Harold Nivenson's character proves wrong all those who purport that a character must be "likeable". There is very little that is likeable about Harold, but he's bitingly intelligent, and complex, and angry. You need to keep reading, if not for Savage's addictive prose, then to find out what made Harold so unhappy. And if not for that, then for the scathing critique of the gentrifying class.— Sarah G.
"Sam Savage creates] some of the most original, unforgettable characters in contemporary fiction. . . . Readers are left with a voice so strong that Savage is able to derive significance from these events by sheer literary force."--Kevin Larimer, Poets & Writers
"Savage's skill is in creating complex first-person characters using nothing but their own voice."--Carolyn Kellogg, Los Angeles Times
" Savage] creates one of the most intriguing stories--and one of the most vivid characters--that this reader has encountered this year."--The Writer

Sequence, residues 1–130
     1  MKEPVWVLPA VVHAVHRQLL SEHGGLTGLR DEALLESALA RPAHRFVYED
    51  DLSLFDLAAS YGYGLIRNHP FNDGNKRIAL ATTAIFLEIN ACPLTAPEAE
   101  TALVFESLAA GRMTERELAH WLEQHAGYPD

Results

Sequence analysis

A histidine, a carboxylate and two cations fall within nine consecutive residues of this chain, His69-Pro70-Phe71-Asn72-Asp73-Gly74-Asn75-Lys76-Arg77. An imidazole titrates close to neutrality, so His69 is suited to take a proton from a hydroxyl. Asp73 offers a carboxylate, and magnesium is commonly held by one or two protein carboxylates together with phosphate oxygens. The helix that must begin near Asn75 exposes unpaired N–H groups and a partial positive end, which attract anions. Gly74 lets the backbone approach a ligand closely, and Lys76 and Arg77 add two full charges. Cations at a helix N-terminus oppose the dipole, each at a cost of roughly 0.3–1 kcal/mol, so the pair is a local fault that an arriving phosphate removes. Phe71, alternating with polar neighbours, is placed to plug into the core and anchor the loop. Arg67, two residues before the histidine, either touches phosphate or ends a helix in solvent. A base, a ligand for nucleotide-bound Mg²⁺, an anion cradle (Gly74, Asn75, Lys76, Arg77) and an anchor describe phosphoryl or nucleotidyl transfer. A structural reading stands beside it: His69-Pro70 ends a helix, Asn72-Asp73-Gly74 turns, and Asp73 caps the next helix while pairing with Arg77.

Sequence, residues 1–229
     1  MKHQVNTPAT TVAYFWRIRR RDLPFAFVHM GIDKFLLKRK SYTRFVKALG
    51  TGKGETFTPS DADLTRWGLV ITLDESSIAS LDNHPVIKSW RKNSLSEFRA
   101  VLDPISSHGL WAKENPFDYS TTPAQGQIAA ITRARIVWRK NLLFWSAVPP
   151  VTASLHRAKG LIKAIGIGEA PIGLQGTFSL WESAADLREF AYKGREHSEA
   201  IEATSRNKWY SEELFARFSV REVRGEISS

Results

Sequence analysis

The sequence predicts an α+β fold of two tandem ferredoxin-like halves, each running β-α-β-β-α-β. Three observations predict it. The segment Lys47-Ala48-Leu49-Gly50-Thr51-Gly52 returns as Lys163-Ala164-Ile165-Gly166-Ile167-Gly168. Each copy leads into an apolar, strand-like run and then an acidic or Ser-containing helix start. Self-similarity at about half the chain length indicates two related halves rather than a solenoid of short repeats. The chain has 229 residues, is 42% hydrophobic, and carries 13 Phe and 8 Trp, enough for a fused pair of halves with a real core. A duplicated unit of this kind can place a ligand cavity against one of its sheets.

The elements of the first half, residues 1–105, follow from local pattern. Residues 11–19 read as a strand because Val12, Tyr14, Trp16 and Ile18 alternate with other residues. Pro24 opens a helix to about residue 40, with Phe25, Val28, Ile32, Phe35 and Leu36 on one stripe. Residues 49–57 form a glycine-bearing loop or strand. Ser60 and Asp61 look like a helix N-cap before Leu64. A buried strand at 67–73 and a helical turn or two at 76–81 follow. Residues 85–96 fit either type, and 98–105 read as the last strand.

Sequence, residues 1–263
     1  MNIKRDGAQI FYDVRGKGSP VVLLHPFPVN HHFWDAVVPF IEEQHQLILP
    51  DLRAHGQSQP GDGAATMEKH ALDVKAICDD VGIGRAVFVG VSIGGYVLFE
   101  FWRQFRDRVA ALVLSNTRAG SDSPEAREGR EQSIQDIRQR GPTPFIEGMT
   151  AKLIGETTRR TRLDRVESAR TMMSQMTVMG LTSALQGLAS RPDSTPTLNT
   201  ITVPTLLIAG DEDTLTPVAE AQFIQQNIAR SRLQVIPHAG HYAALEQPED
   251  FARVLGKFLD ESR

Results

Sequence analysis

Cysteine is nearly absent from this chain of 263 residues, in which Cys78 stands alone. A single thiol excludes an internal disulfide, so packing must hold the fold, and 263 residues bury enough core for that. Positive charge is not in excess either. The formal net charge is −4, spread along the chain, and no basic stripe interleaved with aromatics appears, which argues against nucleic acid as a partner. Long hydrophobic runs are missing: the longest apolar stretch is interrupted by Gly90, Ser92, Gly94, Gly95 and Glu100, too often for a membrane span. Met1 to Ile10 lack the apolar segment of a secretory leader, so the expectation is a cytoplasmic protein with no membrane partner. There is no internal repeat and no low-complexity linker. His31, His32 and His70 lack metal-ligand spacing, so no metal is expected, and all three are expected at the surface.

Sam Savage's most intimate, tender novel yet follows Harold Nivenson, a decrepit, aging man who was once a painter and arts patron. The death of Peter Meinenger, his friend turned romantic and intellectual rival, prompts him to ruminate on his own career as a minor artist and collector and make sense of a lifetime of gnawing doubt.
Over time, his bitterness toward his family, his gentrifying neighborhood, and the decline of intelligent artistic discourse gives way to a kind of peace within himself, as he emerges from the shadow of the past and finds a reason to live, every day, in "the now."
Sam Savage is the best-selling author of Firmin: Adventures of a Metropolitan Lowlife, The Cry of the Sloth, and Glass. A native of South Carolina, Savage holds a PhD in philosophy from Yale University. He resides in Madison, Wisconsin.
About the Author
Sam Savage is the bestselling author of Firmin: Adventures of a Metropolitan Lowlife, The Cry of the Sloth, and Glass. A native of South Carolina, Sam Savage holds a PhD in philosophy from Yale University. Savage resides in Madison, Wisconsin.
"Stream-of-consciousness fiction with a satisfying emotional weight: another intriguing experiment in narrative voice from Savage."Kirkus Reviews